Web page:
Can Modern Bible Scholarship Be Reconciled with Faith?

According to Benjamin Sommer, it can. In a recent book entitled Revelation and Authority: Sinai in Jewish Scripture and Tradition, he attempts to do so by arguing that the Hebrew Bible is the product of divine revelation even though the Torah is not the literal, word-for-word, Word of God. (Interview by Alan Brill):

Using modern critical tools such as history and philology to understand the Bible’s teachings doesn’t somehow render those teachings irrelevant to religion; using those tools simply means that I am able to get much closer to understanding biblical texts and their teachings the way their first audiences understood them. Why understanding the Bible more deeply and more authentically on its own terms should be thought inimical to accepting the Bible as sacred is utterly beyond me. . . .

[Furthermore], it seems inauthentic to me, as religious Jew, to separate what I know about the Bible intellectually from the ways I employ it religiously. It will not do to read the Bible serially, sometimes as [an historical] artifact and at other times as Scripture. Such a choice would require one to partition oneself, so that one has a secular mind and a religious soul co-existing uneasily in a single body but not communicating with each other. . . .

There really was an event at Mount Sinai that involved all Israel, and Sinai is not just a metaphor. However, [the Torah] is Scripture not because all of its words came from heaven, but because it contains the nation of Israel’s response to God’s real but non-verbal commands that came to Israel at Sinai.

Read more at Book of Doctrines and Opinions

More about: Bible, Biblical criticism, Judaism, Religion & Holidays, Revelation, Torah MiSinai

The ICJ’s Vice-President Explains What’s Wrong with Its Recent Ruling against Israel

It should be obvious to anyone with even rudimentary knowledge of the Gaza war that Israel is not committing genocide there, or anything even remotely akin to it. In response to such spurious accusations, it’s often best to focus on the mockery they make of international law itself, or on how Israel can most effectively combat them. Still, it is also worth stopping to consider the legal case on its own terms. No one has done this quite so effectively, to my knowledge, as the Ugandan jurist Julia Sebutinde, who is the vice-president of the ICJ and the only one of its judges to rule unequivocally in Israel’s favor both in this case and in the previous one where it found accusations of genocide “plausible.”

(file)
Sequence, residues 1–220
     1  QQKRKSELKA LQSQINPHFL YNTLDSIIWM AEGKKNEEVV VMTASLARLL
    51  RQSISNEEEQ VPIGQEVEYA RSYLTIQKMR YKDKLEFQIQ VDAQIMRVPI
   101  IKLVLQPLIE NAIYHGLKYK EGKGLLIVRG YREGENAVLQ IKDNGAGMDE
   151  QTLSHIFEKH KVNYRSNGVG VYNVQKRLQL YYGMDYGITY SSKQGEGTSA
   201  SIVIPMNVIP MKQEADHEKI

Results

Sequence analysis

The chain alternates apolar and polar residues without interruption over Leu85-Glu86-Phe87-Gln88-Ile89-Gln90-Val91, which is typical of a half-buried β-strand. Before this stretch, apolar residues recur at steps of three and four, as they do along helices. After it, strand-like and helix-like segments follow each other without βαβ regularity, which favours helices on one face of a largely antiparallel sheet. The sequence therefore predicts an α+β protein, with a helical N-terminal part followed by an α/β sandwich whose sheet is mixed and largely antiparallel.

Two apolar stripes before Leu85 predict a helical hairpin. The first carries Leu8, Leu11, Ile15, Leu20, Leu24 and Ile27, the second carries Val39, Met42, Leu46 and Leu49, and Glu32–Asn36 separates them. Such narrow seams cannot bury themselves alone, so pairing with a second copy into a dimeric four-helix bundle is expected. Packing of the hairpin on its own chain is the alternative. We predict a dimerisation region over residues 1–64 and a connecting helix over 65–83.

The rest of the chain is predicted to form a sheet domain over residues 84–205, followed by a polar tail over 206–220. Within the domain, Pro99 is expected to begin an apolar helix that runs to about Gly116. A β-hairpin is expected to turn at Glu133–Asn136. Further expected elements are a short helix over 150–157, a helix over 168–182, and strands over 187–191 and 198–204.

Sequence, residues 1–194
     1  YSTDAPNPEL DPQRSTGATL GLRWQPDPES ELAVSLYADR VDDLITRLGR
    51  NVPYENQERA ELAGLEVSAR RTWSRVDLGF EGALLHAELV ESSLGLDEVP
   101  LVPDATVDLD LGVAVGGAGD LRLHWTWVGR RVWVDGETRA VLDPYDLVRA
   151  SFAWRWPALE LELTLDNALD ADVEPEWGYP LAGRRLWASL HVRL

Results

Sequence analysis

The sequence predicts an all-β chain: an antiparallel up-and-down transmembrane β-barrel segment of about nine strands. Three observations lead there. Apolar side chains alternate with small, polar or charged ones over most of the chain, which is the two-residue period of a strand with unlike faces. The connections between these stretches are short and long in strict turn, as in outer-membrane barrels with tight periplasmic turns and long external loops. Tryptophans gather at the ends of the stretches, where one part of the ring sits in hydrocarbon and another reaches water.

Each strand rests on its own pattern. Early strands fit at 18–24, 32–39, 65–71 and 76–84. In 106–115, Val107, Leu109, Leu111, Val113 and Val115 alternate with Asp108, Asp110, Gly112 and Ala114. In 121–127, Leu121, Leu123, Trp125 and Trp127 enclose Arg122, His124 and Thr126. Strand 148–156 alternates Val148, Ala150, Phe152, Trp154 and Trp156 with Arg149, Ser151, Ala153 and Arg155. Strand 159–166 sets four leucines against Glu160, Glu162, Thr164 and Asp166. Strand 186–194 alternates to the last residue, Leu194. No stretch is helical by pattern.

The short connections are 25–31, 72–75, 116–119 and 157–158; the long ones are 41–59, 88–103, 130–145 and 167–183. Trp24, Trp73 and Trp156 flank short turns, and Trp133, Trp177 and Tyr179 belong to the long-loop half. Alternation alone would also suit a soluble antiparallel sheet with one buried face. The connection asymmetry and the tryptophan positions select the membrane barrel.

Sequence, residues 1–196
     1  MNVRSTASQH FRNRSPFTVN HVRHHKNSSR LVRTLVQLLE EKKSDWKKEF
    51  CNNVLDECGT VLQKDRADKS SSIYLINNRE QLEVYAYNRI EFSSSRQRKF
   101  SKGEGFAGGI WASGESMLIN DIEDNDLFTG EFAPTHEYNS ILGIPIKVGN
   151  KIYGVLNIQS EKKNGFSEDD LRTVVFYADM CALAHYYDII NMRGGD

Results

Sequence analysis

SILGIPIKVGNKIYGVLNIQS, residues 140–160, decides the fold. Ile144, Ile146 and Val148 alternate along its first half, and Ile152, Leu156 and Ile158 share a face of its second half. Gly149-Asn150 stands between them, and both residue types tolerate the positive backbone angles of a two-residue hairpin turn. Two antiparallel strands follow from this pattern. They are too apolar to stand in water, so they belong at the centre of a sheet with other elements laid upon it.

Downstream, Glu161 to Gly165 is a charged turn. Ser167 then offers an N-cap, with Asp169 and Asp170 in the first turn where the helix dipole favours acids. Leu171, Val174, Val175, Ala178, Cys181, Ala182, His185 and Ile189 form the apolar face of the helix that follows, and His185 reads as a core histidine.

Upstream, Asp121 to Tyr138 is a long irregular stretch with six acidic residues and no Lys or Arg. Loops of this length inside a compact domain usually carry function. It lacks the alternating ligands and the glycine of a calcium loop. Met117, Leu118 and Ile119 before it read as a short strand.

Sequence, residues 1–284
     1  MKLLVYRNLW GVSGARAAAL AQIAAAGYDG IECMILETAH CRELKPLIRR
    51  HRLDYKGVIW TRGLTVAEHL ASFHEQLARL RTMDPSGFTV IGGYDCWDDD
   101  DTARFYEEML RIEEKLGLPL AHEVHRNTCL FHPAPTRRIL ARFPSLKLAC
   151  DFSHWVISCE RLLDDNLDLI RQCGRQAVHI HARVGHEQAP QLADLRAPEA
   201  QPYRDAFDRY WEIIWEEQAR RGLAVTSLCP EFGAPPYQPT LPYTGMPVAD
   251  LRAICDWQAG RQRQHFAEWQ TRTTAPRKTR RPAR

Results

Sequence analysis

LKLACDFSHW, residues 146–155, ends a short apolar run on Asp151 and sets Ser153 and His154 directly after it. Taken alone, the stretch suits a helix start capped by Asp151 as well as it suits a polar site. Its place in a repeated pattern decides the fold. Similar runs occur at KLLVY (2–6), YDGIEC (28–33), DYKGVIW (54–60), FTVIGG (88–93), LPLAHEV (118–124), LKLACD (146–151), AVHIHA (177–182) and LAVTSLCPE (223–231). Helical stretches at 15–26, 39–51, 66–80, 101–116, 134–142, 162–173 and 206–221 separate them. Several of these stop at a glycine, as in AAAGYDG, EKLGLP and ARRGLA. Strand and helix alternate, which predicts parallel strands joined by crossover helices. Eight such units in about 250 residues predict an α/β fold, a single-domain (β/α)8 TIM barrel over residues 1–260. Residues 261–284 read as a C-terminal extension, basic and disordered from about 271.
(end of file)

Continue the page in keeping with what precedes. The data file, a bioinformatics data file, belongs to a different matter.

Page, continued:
Sebutinde begins by questioning the appropriateness of the court ruling on this issue at all:

Once again, South Africa has invited the Court to micromanage the conduct of hostilities between Israel and Hamas. Such hostilities are exclusively governed by the laws of war (international humanitarian law) and international human-rights law, areas where the Court lacks jurisdiction in this case.

The Court should also avoid trying to enforce its own orders. . . . Is the Court going to reaffirm its earlier provisional measures every time a party runs to it with allegations of a breach of its provisional measures? I should think not.

Sebutinde also emphasizes the absurdity of hearing this case after Israel has taken “multiple concrete actions” to alleviate the suffering of Gazan civilians since the ICJ’s last ruling. In fact, she points out, “the evidence actually shows a gradual improvement in the humanitarian situation in Gaza since the Court’s order.” She brings much evidence in support of these points.

She concludes her dissent by highlighting the procedural irregularities of the case, including a complete failure to respect the basic rights of the accused:

I find it necessary to note my serious concerns regarding the manner in which South Africa’s request and incidental oral hearings were managed by the Court, resulting in Israel not having sufficient time to file its written observations on the request. In my view, the Court should have consented to Israel’s request to postpone the oral hearings to the following week to allow for Israel to have sufficient time to fully respond to South Africa’s request and engage counsel. Regrettably, as a result of the exceptionally abbreviated timeframe for the hearings, Israel could not be represented by its chosen counsel, who were unavailable on the dates scheduled by the Court.

It is also regrettable that Israel was required to respond to a question posed by a member of the Court over the Jewish Sabbath. The Court’s decisions in this respect bear upon the procedural equality between the parties and the good administration of justice by the Court.

Read more at International Court of Justice

More about: Gaza War 2023, ICC, International Law